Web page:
Industry executives say getting a subscription model that works will be key to growing legit services.
Movie and music executives staunchly believe that subscriptions will be the primary model by which they'll deliver films, TV shows, and music to consumers online, but they say it's going to take time to transition from the a la carte approach that's still dominant. At the Digital Hollywood conference in Los Angeles this week, they said the key element that's holding up this evolution is not technology, or even economics, but rather consumer education. In other words, if consumers don't even know that legitimate services such as Movielink or Rhapsody are delivering movies and music now, it's tough to turn them into paying customers.
Scott Kauffman, CEO of FullAudio Corp., said he's amazed by how little people know about what types of online entertainment services are already available. He said he constantly talks to people at social gatherings who are afraid that their kids are on the verge of being subpoenaed by the Recording Industry Association of America. "And they all say they'd pay for a service to prevent that," Kauffman said.
But even getting knowledgeable online users to pay for services when they can easily get free content from the illegal file-sharing networks is no easy feat, says Tyler Goldman, VP of business development for Movielink, a year-old movie-download service backed by five of the major film studios. Goldman told InformationWeek that Movielink faces pressures not only from content piracy, but also from the fact that it's not an early "window" in the value chain Hollywood uses to wrench the most revenue possible out of each film. "We're not going to compete on price, and we're not going to compete on windowing," he says. "We need to offer a great user experience."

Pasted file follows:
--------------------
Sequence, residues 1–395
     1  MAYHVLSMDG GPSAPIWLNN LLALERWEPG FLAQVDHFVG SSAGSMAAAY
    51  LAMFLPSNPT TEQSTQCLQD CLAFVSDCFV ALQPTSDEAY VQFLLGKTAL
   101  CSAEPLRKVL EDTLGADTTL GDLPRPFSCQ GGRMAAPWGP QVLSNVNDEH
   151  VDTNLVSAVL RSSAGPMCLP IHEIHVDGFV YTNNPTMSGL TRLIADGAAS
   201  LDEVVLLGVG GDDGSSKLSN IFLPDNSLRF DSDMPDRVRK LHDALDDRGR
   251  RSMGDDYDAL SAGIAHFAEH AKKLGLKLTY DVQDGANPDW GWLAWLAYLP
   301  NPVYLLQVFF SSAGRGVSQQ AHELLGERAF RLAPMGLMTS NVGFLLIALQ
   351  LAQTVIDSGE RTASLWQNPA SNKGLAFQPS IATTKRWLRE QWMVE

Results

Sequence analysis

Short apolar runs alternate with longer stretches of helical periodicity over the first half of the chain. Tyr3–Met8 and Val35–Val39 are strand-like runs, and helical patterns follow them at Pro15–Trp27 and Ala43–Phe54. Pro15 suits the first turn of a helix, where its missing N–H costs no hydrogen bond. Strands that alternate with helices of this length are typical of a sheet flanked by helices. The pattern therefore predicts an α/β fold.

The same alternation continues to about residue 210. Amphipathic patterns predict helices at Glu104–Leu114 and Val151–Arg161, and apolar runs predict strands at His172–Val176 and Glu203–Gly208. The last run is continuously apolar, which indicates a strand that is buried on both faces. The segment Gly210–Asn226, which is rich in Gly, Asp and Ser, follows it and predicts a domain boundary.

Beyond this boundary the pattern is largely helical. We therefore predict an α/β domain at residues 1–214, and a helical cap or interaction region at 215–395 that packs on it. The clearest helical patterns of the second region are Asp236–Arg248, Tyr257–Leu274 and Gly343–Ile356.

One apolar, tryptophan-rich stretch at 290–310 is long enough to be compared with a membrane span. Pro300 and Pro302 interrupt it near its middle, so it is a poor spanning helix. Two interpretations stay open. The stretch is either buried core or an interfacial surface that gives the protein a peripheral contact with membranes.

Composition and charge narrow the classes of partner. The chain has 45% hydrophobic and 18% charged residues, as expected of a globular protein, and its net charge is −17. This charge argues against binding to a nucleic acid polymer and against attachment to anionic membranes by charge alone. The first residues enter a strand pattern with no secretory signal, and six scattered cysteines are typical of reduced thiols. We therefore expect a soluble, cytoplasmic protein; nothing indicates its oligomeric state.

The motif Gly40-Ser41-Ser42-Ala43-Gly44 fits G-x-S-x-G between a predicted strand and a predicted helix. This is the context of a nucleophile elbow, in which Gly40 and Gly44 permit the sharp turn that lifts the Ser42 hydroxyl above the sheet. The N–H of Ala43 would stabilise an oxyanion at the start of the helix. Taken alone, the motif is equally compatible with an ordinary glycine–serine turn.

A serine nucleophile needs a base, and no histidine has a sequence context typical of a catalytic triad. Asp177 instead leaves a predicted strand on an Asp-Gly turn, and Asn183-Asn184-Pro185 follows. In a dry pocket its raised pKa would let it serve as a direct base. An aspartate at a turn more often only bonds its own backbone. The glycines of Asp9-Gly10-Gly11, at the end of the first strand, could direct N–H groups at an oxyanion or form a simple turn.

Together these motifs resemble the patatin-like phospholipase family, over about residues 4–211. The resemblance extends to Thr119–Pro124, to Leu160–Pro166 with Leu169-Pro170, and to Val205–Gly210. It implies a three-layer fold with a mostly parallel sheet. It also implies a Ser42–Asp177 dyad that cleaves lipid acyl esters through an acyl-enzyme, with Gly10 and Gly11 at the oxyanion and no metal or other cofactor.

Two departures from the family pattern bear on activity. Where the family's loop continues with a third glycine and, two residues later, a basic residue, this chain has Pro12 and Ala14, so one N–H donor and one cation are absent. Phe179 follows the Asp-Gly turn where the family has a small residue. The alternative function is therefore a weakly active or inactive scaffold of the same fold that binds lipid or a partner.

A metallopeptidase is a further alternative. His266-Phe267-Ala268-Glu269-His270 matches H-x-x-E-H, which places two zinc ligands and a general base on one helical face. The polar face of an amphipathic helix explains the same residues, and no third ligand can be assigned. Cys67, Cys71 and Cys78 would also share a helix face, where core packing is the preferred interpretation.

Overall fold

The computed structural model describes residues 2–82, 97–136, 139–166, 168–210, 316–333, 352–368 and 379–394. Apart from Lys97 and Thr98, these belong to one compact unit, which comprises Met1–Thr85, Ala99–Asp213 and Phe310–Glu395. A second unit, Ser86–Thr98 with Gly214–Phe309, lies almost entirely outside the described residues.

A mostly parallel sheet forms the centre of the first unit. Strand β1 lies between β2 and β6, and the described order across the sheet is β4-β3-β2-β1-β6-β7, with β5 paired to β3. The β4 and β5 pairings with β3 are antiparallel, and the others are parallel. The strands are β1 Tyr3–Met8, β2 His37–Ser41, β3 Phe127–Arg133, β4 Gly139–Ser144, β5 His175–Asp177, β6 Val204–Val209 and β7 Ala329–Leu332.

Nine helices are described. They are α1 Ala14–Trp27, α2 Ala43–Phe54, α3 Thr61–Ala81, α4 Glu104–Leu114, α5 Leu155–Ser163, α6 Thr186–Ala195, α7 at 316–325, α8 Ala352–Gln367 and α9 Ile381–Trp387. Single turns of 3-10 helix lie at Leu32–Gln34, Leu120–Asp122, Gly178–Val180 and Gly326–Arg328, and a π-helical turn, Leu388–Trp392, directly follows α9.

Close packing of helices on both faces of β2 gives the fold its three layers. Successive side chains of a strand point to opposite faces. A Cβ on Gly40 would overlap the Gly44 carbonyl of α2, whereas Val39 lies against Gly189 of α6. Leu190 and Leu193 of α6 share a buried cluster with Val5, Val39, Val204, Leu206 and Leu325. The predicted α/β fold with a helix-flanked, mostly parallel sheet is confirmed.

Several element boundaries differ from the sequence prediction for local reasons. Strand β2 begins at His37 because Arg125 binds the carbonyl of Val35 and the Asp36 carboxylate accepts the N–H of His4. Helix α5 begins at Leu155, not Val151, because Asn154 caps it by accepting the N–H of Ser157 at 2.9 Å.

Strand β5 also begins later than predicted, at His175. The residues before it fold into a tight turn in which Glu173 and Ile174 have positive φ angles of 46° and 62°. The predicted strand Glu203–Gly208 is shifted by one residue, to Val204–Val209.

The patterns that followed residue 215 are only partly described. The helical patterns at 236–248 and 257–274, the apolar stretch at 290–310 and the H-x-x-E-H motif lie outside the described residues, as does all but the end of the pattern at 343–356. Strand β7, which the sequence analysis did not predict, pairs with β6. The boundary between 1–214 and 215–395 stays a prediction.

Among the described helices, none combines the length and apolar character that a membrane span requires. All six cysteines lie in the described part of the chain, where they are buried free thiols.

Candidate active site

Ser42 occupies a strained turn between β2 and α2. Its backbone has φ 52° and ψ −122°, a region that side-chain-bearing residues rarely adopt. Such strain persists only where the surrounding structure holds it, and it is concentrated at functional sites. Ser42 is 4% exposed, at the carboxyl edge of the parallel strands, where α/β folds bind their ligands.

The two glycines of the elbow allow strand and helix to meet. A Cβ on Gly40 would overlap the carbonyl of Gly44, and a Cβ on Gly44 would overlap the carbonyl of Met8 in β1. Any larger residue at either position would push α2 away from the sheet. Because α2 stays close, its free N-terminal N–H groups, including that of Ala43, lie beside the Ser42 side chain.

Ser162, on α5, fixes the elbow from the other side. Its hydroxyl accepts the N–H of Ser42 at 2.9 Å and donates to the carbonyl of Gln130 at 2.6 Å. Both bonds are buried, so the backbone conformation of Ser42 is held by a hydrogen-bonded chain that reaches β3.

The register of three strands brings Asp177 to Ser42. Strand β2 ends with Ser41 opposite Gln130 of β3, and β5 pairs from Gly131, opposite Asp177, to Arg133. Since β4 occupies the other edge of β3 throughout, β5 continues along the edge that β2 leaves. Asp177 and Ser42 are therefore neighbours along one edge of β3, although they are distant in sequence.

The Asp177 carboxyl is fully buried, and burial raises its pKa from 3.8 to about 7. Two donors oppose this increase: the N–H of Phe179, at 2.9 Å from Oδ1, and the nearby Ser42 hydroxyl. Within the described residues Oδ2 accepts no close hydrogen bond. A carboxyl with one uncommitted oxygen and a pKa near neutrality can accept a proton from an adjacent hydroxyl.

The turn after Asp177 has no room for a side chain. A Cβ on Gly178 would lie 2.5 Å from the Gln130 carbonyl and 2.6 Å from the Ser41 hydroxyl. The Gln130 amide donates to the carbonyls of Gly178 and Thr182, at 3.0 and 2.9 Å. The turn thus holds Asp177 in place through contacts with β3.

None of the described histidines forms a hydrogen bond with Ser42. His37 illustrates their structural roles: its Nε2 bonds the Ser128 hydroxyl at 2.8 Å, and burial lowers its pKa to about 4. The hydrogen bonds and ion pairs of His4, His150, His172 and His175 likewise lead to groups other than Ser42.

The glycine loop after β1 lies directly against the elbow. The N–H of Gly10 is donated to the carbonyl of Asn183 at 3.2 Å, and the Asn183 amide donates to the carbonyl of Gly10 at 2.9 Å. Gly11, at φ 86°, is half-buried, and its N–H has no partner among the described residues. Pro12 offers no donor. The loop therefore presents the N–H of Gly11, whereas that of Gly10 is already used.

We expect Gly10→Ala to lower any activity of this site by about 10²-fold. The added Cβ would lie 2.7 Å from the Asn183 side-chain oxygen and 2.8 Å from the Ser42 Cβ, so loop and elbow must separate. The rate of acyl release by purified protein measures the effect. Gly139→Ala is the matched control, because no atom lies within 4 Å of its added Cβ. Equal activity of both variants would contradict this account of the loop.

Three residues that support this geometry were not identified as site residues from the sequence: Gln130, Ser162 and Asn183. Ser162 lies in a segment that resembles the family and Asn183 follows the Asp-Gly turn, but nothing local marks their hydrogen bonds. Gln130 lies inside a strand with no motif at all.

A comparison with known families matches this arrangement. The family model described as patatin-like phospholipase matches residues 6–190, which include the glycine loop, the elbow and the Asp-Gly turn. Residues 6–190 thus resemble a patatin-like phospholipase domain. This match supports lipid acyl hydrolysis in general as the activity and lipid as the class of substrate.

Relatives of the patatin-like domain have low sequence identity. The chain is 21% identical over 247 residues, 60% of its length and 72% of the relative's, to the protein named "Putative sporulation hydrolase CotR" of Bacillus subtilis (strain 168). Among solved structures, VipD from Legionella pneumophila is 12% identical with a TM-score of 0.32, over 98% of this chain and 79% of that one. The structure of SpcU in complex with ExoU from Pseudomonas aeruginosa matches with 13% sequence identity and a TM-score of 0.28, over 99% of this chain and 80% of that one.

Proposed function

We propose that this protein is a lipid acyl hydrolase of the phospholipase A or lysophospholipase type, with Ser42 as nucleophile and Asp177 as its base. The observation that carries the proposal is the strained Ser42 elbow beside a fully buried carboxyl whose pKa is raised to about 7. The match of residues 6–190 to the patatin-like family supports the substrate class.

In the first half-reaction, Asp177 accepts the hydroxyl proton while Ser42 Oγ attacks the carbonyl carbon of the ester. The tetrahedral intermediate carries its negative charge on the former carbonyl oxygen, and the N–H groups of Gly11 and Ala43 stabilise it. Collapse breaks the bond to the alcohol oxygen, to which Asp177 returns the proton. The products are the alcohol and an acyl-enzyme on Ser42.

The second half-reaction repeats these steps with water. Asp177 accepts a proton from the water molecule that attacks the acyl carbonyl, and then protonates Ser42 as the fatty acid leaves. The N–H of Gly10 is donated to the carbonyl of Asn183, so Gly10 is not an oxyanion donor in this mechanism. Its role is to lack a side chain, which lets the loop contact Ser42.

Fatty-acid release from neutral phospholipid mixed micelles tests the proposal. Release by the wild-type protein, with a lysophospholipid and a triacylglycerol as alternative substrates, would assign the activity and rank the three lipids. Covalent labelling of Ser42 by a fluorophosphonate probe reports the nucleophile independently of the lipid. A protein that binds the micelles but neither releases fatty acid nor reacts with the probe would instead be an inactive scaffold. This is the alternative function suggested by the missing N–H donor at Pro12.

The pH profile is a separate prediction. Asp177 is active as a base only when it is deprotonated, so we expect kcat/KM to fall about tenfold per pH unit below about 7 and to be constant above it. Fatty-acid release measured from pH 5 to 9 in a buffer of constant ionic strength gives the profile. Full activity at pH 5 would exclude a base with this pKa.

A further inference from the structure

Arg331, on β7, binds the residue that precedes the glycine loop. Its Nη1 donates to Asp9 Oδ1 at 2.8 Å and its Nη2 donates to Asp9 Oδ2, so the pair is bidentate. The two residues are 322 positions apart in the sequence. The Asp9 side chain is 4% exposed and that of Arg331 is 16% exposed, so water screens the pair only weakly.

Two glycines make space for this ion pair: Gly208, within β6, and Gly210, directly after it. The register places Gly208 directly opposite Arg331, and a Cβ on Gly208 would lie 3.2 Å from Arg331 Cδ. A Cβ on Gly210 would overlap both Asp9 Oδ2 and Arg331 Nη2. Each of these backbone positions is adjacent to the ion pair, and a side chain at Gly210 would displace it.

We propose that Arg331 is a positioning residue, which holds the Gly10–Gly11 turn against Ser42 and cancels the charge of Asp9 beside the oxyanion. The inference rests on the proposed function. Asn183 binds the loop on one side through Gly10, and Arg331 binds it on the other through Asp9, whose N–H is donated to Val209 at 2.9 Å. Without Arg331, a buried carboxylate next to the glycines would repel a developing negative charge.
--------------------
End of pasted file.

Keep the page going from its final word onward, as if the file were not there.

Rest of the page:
First, however, it has to make people aware that it's out there. So far, it's succeeding, with the number of movies downloaded increasing 25% each quarter, Goldman says. But there's still a long way to go.
Seth Skolnik, senior VP of business development for Paramount Digital Entertainment, said the cultivation of affinity groups will be key to the success of online subscription services, because devoted fans are more likely to pay more for access to customized content from the shows and movies they love. But getting budget dollars to invest in doing everything it can with its 55,000 hours of movie and TV archives will require more of a track record. "The driving force now is that we [need] a win in this space. We don't know enough about what consumers will buy today that would allow us to go to management and demonstrate the return on investment."
Until consumers are not only widely aware of what's available, but also have experimented with various services, it's best not to develop too complex a business model, says Amanda Marks, senior VP of Universal Music Group's E-labs. "Simplicity is better when you're trying to create a market from nothing."
The Business of Going DigitalDigital business isn't about changing code; it's about changing what legacy sales, distribution, customer service, and product groups do in the new digital age. It's about bringing big data analytics, mobile, social, marketing automation, cloud computing, and the app economy together to launch new products and services. We're seeing new titles in this digital revolution, new responsibilities, new business models, and major shifts in technology spending.
What The Business Really Thinks Of IT: 3 Hard TruthsThey say perception is reality. If so, many in-house IT departments have reason to worry. InformationWeek's IT Perception Survey seeks to quantify how IT thinks it's doing versus how the business views IT's performance in delivering services - and, more important, powering innovation. The news isn't great.